Nowadays, there is a spirituality for everything.  There is a spirituality of gardening and a spirituality of sex, a spirituality of work and a spirituality of play.  And some of this is intriguing and even helpful because “this is our Father’s world,” as the old hymn puts it, and every square inch of creation bares at least a speck of God’s original good imprint.  I could go one with the usual disclaimers about how this sort of thing could lead to become New Age or lead you to start listening to Yanni or Enya (or, God forbid, Yanni and Enya in concert together from Amsterdam or Paris…), but you’d probably tune me out…so let’s not go there.  Suffice it to say, I think spirituality of any sort is always rooted in one’s “larger story” (and we all have one), mine is obvious from the title of my blog.  Yes, I’m a Christian, and quite convinced (with Augustine and Calvin and C.S. Lewis and many others) that this ocean of spiritual sensation always leads to the Fount from which all goodness originates.  

So then, the spirituality of the city is just one more way of noticing, within this ocean teeming with life (and sometimes dark places and bad creatures, too), the signposts which point to Home.  The city, after all, may not have been our original domain, but it is the final destination in the Christian story.  St. John describes it in Revelation (not Revelations, please!) 20-22 with all of his apocalyptic color – it is, as some have called it, a “gardened city” – the original vision of the great Architect who apparently loves coffee shops as much as He loves irises.

My city, of course, is San Francisco.  I grew up outside of New York City, and was first captured by the view of the skyline from Central Park.  Though young, I suspect something of that ‘original inkling’ from the Garden awoke in me, and I knew that this was it – a beauty that drew both from the garden and the city.  In Orlando (where I spent 13 years), I saw it at Lake Eola, where an urban walking path leads you around a lovely lake with paddle-boats, a pagoda, the outdoor Shakespeare Theater, and more.  But San Francisco – well, it outdoes them all, which is quite ironic given the fact that many evangelical Christians see it as one of the most dark and dirty places on earth.

That’s a sad fact, and perhaps others can address why that is.  I’ve not experienced San Francisco in that way.  Walking through the manicured paths of Golden Gate Park, into the wonderfully serene Japanese Tea Garden, over past the waterfall at Stow Lake, and on to enjoy the satisfying urban cuisine at the energetic Park Chow on 9th, I begin to see why God said, “And it was good.”  

img_0168In the city, people love good food, by the way.  I’d do well to devote a whole blog to it.  And you won’t find the drive-thru on every corner that you see in the suburbs.  On a cool day, you’d probably prefer to watch whales while eating breakfast at the Cliff House or Loui’s, while on a warmer day you might do your week’s shopping for fruit and vegetables at the Embarcadero Farmer’s Market.  People like to eat and drink, and do it with others here.  They work hard, but play hard after it’s all said and done.  And while I suspect the preachers and politicians are decrying the evils of the Left Coast and San Francisco, the suburban family is chomping down the fattened calf of processed Big Macs while a San Francisco family is likely dining together, perhaps with friends, on food that isn’t processed, that is locally grown, and probably lacks the chemicals that just accelerated the suburban daughter’s journey into puberty by a year.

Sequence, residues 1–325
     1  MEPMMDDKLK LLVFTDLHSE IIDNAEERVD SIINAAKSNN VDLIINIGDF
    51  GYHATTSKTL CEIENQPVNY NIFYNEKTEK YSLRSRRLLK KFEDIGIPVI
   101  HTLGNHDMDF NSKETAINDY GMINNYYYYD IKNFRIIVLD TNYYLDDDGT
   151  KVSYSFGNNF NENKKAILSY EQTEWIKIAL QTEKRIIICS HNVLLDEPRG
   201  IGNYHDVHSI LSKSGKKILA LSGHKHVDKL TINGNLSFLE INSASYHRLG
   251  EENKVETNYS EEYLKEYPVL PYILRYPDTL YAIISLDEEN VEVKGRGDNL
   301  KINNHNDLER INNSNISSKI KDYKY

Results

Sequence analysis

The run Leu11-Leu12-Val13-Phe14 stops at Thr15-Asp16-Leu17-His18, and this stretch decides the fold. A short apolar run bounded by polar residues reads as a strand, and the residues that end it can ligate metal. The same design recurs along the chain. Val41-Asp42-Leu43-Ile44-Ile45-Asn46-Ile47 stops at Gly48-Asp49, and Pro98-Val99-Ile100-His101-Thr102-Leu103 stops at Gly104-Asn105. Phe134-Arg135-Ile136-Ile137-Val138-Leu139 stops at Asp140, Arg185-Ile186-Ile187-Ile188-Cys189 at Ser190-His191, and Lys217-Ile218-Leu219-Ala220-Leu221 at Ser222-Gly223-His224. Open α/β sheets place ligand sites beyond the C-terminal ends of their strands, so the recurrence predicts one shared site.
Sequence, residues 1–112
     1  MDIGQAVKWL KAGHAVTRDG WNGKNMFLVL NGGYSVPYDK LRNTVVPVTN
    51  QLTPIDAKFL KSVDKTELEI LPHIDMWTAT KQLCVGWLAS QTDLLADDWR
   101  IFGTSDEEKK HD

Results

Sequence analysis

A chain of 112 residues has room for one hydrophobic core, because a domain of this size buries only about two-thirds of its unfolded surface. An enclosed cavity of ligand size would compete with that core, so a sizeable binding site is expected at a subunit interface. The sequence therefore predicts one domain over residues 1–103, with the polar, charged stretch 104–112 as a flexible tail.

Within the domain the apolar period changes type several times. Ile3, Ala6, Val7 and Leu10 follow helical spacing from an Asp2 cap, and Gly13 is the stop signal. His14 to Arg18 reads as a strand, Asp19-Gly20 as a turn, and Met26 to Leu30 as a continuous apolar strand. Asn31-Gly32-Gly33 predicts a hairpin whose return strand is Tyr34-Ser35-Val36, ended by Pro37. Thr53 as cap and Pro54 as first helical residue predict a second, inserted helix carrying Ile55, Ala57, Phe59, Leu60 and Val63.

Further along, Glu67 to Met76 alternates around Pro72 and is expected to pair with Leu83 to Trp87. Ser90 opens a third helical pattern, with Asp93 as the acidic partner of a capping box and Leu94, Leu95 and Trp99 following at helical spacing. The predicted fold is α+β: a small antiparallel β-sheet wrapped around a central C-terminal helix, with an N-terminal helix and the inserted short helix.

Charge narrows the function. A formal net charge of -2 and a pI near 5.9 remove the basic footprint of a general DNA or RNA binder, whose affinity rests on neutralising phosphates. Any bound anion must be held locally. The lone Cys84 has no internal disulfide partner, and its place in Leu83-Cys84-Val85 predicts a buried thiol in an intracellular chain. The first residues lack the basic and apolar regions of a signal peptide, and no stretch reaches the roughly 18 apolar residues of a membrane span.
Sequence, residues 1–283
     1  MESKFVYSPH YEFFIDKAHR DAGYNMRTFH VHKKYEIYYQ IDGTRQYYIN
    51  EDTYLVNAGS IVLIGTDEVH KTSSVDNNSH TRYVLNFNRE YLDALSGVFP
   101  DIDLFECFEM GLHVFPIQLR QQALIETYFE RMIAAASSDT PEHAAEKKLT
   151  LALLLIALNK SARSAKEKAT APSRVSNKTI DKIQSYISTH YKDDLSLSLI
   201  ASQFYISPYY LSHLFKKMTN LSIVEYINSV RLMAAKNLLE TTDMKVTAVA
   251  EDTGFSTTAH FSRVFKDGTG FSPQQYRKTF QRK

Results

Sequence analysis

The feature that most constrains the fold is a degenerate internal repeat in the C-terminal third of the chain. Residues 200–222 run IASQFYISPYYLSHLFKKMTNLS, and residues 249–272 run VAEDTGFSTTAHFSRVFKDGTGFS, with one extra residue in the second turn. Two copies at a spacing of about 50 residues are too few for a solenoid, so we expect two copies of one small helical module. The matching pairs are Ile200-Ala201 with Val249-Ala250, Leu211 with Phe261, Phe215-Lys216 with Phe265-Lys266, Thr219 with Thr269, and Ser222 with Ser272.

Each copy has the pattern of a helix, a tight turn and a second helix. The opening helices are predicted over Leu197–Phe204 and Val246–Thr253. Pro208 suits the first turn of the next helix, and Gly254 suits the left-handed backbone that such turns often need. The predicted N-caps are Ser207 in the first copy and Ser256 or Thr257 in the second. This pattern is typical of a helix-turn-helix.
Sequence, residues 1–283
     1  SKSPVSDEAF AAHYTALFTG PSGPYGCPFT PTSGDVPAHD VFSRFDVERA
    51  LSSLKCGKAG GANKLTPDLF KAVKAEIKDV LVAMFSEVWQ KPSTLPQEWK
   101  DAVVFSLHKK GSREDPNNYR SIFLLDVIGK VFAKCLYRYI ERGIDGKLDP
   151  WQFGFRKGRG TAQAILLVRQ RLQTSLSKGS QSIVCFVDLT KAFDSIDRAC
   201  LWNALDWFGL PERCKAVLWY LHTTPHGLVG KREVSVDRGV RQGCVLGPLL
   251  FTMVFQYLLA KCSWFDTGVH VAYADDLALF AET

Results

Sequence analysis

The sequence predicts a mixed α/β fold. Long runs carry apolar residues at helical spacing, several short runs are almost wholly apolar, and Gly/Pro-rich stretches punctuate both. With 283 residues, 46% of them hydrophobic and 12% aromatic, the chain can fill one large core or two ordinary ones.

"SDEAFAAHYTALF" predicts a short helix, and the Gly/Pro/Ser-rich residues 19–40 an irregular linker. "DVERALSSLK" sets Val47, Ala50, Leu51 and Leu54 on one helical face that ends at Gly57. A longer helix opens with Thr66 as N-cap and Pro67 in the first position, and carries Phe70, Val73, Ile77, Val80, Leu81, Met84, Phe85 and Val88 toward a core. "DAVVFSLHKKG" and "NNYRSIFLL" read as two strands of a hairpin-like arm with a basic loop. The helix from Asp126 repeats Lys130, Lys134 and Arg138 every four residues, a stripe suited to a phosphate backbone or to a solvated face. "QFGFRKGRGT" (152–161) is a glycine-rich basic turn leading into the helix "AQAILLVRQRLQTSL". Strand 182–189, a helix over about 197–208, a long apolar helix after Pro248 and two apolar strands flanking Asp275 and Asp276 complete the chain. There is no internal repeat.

But, the spirituality of the city, and this city in particular, is seen in its ability to anticipate the future Gardened City.  

Now, there are other naysayers.  Some, of course, are in the business of pitting rural vs. urban, with lots of love for Wendell Berry and the nostalgic simple life of rural America.  I lived in rural America, went to college in rural America, and learned to sin in ways I never learned on Long Island in rural America.  I’ve also read Wendell Berry, and he’s not shy about the ravages of sin in fly-over country.

There is also John Eldredge, whose books convinced one family I knew to move to Montana because cubicles are evil and buffalo are not, or something like that.  That family moved back shortly thereafter.  They didn’t find God in Montana.  It seems that wild hearts can be bred in the urban jungle, as well as in raging Colorado rivers.

 Which is all to say that the spirituality of the city is a subject worth exploring, and will be one explored in coming installments.  For now, it’s worth considering a small thing – that God may not be as cynical as your inflatable-ego talk-show host who has written off the left coast, that He may be so fiercely passionate for His original goodness to flourish that in the places where you least expect it – among the poor, the wounded, the not-so-sexy, the marginalized, and the powerless – (even when these things are bound up in a place, a city) – that He’ll show up and make sure His garden flourishes, not just with blossoming flowers, but with the scents of cuisine representing all nations and tongues, and from the backyard gardens and kitchens of people who in very ordinary ways (sometimes beautiful, sometimes broken) embody God’s vision of the Gardened City.

One thought on “the spirituality of the city – part one

Leave a Reply